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    • Intervention Implementation
    Intervention Implementation Training Module
     
    Once a problem has been defined and analyzed, the goal is to take the information gathered through problem analysis and utilize it to develop an instructional plan that matches the identified student need.  This is accomplished through intervention design and helps to answer PLC Essential Question 2, "How will we know when they have learned it?" A goal must be set (PST 3) in order to identify when the child has learned the desired skill/concept. A goal should be attainable and specific. An example is as follows:
     
    In 10 weeks, Student will read aloud a 2nd grade level passage from DIBELS ORF OPM at 80 words read correctly in 1 minute with at least 90% accuracy.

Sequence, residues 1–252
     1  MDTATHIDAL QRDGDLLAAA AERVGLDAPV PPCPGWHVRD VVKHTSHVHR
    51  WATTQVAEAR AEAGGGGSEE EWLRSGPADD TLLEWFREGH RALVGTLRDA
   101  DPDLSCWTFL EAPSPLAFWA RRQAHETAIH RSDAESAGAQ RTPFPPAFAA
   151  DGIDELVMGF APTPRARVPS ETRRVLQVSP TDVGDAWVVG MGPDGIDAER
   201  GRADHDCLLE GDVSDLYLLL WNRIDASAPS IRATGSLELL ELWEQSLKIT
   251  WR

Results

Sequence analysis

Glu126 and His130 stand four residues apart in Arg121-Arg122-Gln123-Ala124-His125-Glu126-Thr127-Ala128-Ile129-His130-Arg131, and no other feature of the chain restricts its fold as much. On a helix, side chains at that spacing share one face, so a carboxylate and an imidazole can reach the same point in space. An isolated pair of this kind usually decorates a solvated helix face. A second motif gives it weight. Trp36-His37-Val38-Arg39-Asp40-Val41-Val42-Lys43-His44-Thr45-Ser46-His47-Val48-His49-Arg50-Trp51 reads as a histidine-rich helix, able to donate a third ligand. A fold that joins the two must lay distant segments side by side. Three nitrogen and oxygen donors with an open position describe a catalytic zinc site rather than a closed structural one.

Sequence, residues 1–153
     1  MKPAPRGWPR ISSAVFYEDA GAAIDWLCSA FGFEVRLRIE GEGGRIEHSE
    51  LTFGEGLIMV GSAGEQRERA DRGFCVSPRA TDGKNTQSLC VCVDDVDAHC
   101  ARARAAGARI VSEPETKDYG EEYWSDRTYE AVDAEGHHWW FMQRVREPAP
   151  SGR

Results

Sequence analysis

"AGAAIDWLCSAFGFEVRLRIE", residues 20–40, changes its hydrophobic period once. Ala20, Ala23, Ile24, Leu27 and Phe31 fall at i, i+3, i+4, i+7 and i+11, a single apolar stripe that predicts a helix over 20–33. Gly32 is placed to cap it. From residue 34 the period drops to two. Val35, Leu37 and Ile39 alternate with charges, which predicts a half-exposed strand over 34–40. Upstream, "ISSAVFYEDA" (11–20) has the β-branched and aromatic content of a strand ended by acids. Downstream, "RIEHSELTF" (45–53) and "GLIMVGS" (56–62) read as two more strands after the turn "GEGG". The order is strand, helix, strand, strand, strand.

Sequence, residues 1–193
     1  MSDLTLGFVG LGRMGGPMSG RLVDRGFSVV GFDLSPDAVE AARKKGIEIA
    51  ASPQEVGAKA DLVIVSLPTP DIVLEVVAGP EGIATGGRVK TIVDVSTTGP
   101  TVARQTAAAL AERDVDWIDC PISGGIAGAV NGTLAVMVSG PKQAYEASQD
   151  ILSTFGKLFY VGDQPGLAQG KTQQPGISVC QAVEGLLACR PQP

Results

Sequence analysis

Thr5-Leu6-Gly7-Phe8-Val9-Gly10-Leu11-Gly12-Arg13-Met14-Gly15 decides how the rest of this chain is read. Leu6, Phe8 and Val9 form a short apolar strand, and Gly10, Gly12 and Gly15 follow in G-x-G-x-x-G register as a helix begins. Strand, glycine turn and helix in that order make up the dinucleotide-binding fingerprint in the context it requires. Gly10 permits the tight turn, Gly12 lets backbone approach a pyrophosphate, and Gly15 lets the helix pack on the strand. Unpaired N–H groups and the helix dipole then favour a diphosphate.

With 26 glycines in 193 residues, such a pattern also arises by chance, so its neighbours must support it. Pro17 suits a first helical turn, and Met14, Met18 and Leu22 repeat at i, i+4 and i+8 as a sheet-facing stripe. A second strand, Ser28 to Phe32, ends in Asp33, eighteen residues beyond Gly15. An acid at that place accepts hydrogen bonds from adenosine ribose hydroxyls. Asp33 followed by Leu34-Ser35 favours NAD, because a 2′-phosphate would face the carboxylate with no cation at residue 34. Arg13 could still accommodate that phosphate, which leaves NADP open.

This goal is very specific in terms of time, skill, and level of accuracy. The identified missing skills are targeted for explicit instruction within a supported learning environment. PST Forms 4 and 7 are provided for educators and school personnel to design and record specific, research based interventions.
     
    An intervention should be purposeful, planned and grounded in data.  It is about making decisions about alterable variables within instruction, curriculum and the environment.  Problem Solving teams focus on those modifications in these areas that will directly impact, or alter the targeted behavior.
     
    Instructional strategies that are based on the nature of the defined problem and yield the most likelihood for success are selected.
     
     
    Reading Interventions
     
    Math Interventions
     
    Behavior Interventions
     
     
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